[0053] All of the aforesaid functions associated with program segment 86 are not normally made available to the player, but are reserved for the proprietor of the system of FIG. 1, and the operator of the gaming hall wherein the system of FIG. 1 is normally used. After completion, program segment 86 passes control to program segment 88 composed of segments 88A, 88B, 88C, 88D and 88E.

[0054] Program segment 88 determines if either of the HARD CARD or PAPER CARD keys of the control console 16 is pressed, and, if so, the system of FIG. 1 respectively determines if the maximum number of cards have already been chosen to be played. If the maximum number of bingo cards have in fact already been chosen, the system responds with a momentary message informing the player of this fact. Program segment 88B or 88D, interacting as shown in FIG. 4, passes control to program segment 90.

[0055] Program segment 90 calculates the serial numbers of each bingo card that reside on the board or sheet for the type of bingo cards that have been previously chosen (see program segment 82). The serial number that was entered by the player is the basis on which the remaining serial numbers on the sheet are determined. After completion, program segment 90 passes control to program 92.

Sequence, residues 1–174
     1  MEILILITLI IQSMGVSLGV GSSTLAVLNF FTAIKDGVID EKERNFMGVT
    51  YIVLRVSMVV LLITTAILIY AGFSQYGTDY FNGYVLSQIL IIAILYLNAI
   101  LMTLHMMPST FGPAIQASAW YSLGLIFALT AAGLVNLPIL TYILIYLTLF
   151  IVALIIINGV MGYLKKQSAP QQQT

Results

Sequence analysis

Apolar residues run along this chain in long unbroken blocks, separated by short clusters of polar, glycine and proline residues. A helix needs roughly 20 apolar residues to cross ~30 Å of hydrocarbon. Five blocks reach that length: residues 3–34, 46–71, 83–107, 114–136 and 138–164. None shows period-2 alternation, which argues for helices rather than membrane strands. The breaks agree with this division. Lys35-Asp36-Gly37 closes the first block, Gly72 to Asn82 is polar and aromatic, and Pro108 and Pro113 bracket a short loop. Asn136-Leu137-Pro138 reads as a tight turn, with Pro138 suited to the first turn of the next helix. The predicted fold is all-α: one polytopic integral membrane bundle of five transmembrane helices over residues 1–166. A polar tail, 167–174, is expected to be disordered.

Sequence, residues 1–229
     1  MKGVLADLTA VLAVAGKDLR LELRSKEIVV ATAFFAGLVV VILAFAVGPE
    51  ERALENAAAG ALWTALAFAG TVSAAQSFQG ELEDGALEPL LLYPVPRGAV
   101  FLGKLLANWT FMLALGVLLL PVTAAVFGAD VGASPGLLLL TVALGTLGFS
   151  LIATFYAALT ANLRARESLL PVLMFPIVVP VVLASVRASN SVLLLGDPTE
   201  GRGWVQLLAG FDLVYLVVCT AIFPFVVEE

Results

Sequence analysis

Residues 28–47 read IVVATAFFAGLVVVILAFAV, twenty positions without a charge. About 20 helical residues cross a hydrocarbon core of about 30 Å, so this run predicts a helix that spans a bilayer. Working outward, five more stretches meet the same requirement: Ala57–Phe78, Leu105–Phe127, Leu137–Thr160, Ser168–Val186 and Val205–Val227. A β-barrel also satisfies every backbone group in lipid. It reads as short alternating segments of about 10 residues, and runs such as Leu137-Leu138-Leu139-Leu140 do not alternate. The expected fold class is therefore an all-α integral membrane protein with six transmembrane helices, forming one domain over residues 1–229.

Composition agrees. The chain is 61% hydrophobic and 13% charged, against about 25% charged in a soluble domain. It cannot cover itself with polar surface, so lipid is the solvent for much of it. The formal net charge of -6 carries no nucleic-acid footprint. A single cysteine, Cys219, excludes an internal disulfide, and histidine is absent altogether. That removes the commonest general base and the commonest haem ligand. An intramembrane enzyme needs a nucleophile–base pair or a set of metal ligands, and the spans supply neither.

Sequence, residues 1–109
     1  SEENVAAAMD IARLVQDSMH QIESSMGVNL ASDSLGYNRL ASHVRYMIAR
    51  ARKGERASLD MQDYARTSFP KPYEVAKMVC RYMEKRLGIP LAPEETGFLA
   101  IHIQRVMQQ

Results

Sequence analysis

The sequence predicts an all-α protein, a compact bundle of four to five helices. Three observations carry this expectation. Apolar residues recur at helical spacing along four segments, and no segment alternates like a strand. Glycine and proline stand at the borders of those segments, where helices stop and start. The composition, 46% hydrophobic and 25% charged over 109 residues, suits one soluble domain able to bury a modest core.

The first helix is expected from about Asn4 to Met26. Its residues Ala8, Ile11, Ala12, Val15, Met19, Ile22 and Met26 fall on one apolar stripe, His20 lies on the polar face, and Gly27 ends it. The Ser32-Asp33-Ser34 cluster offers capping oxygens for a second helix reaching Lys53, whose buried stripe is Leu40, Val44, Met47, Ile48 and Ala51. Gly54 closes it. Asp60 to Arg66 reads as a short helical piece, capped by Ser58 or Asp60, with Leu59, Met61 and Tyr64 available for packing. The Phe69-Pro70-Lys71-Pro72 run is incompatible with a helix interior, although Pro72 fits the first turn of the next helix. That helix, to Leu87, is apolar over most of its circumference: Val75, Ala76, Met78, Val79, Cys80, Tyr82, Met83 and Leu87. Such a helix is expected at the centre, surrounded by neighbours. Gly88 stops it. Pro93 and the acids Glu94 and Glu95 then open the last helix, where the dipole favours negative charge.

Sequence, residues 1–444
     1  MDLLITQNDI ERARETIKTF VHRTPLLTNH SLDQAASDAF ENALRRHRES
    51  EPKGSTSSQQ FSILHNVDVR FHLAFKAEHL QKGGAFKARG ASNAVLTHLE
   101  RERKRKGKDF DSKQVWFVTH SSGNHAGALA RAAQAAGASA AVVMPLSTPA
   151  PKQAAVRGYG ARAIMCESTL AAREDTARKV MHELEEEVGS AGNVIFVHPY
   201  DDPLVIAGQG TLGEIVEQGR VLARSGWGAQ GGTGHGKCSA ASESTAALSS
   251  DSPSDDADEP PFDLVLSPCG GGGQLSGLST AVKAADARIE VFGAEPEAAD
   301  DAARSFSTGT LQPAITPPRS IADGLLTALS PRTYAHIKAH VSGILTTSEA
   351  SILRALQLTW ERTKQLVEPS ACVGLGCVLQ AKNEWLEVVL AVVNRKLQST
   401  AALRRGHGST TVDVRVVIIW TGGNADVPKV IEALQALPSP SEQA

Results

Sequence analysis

[0056] Program segment 92 operates in a manner determined by the type of card chosen to be played. More particularly, depending on the type of cards that have been chosen to be played, the serial number of a particular bingo card pertains to one of two types of cards. The first type is cards that have previously been prestored within the nonvolatile read/write memory 14 of the system of FIG. 1. The other type is cards that are calculated with an algorithm. The algorithm calculates a large library of bingo cards that contain nonrepeating permutations. The aforesaid serial number is now used to either find and read a prestored bingo card, or calculate one, and then store it within the system RAM 26 of FIG. 1. After completion, program segment 92 passes control to program segment 76 of FIG. 2 previously discussed. However, if program segment 92 was never entered, that is, program segment 88 of FIG. 4 passed control to program segment 94, then program segment 94 is performed.